City Hall is facing scrutiny from yet another arm of the law -- this one a federal agency that is investigating a series of e-mails sent by a high-ranking member of the Brown administration directing her employees to work on the mayor's re-election campaign.
The Office of Special Counsel has fielded a complaint related to the e-mails sent in June by Community Services Commissioner Tanya Perrin-Johnson and has begun an investigation, according to a source who spoke on the condition of anonymity.
The investigation seeks to determine whether the e-mails represent a violation of the federal Hatch Act, which, among other things, prohibits employees involved in federally funded programs from using their authority to influence political campaigns.
Perrin-Johnson has retained Joel L. Daniels as her attorney, and he said, "Tanya does a great job for the city. . . . We're confident that she'll be cleared when this investigation is concluded."
Brown's spokesman, Peter K. Cutler, responded to news of the investigation by saying the mayor "does not tolerate anything that would be perceived as coercive in working on his campaign or [employees] volunteering their time."
Cutler declined to say whether Perrin-Johnson was disciplined for sending the e-mails. Brown told the commissioner that it was "an error of judgment on her part" and that he would not tolerate this type of behavior from anyone in his administration, according to Cutler.
The probe represents the fifth investigation of operations at City Hall.
The city's Board of Ethics agreed last week to look at Perrin-Johnson's e-mails to determine whether they violate ethics rules or the City Charter, which has a provision that appears to prohibit the solicitation of civil service-protected employees to work on campaigns. A violation is considered a misdemeanor crime.
Violations of the Hatch Act involve civil, rather than criminal, penalties.
While the Hatch Act is generally associated with federal employees, it has three provisions that relate to local and state employees. They are not permitted to run for public office in a partisan election and are prohibited from using their official authority or influence to affect elections or promote political contributions.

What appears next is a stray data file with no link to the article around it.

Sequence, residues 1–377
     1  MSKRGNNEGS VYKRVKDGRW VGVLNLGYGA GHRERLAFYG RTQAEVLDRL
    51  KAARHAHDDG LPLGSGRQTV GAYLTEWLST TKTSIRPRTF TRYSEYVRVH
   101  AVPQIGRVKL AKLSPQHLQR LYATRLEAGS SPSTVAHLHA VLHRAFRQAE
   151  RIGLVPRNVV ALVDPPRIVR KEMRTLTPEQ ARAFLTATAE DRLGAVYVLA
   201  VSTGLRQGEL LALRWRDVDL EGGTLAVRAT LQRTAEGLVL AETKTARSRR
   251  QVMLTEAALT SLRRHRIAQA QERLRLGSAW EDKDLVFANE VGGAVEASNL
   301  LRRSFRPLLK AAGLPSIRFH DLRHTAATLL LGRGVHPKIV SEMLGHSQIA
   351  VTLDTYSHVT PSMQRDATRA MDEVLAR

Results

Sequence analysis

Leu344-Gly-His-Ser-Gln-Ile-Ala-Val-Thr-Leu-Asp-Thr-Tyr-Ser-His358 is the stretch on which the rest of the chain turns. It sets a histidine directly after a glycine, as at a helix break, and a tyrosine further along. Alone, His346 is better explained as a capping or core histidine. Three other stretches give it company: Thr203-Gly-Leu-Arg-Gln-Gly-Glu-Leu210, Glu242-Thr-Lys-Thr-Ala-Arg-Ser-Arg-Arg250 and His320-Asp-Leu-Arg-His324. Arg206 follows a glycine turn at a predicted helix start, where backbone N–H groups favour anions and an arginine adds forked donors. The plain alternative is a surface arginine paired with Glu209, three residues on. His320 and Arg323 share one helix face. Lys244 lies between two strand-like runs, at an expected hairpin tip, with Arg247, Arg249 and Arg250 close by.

Perrin-Johnson wrote a series of e-mails in June that were sent to about 20 employees in her department.
"Your services are needed minimally 8 hours per week," she wrote in a June 2 e-mail. And not just at a time of their choosing. Perrin-Johnson specified a four-hour shift during the week -- preferably Tuesdays, which is the department's night at campaign headquarters -- and another four hours on the weekend.
If employees could not work on the campaign on a Tuesday or on a weekend, Perrin-Johnson wrote, "please notify myself and Dana Bobinchek at the e-mail above and accommodations will be made for you to make up the time during the week."
In a June 16 e-mail, sent during working hours, Perrin-Johnson wrote: "Hope everyone is enjoying their lunch. Friendly reminder, the Community Services Team is expected to volunteer this evening from 5:00 pm - 9:00 pm at 20 Court Street."
If the Office of Special Counsel, an investigatory federal agency, concludes that the e-mails violated the Hatch Act, it would file a complaint with the Merit Systems Protection Board. If the complaint is not resolved, it could lead to a hearing before the board with the Office of Special Counsel acting as prosecutor.
If the board upheld the complaint, it has authority to ask the city to fire Perrin-Johnson. If the city were to refuse, it would face the prospect of losing federal funding equal to double Perrin-Johnson's annual salary of $86,226.
Perrin-Johnson is not the only city employee under potential scrutiny. In her e-mails, she copied Bobinchek, who works as a special assistant to the mayor. Bobinchek makes $51,500.
Perrin-Johnson and Cutler previously said they do not consider the e-mails to be coercive or otherwise inappropriate.
In addition to the two investigations of the Perrin-Johnson e-mails, officials are probing City Hall on several fronts:
*The State Police and the Erie County district attorney's office are investigating the financial dealings of one of the mayor's allies, Common Council Member Brian C. Davis of the Ellicott District.
*The U.S. attorney's office and the FBI's government corruption unit are looking at one or more facets of city government. Federal investigators have obtained information related to Davis, the One Sunset restaurant deal, the city's block grant spending and allegations of inappropriate activity related to Brown's re-election campaign.
*Kenneth M. Donohue Sr., inspector general of the U.S. Department of Housing and Urban Development, announced last week his intention to audit the activities of the city's two economic-development agencies, Buffalo Economic Renaissance Corp. and the Buffalo Urban Renewal Agency.
*City Comptroller Andrew A. SanFilippo's office also is reviewing the books of Buffalo Economic Renaissance Corp. and the Buffalo Urban Renewal Agency.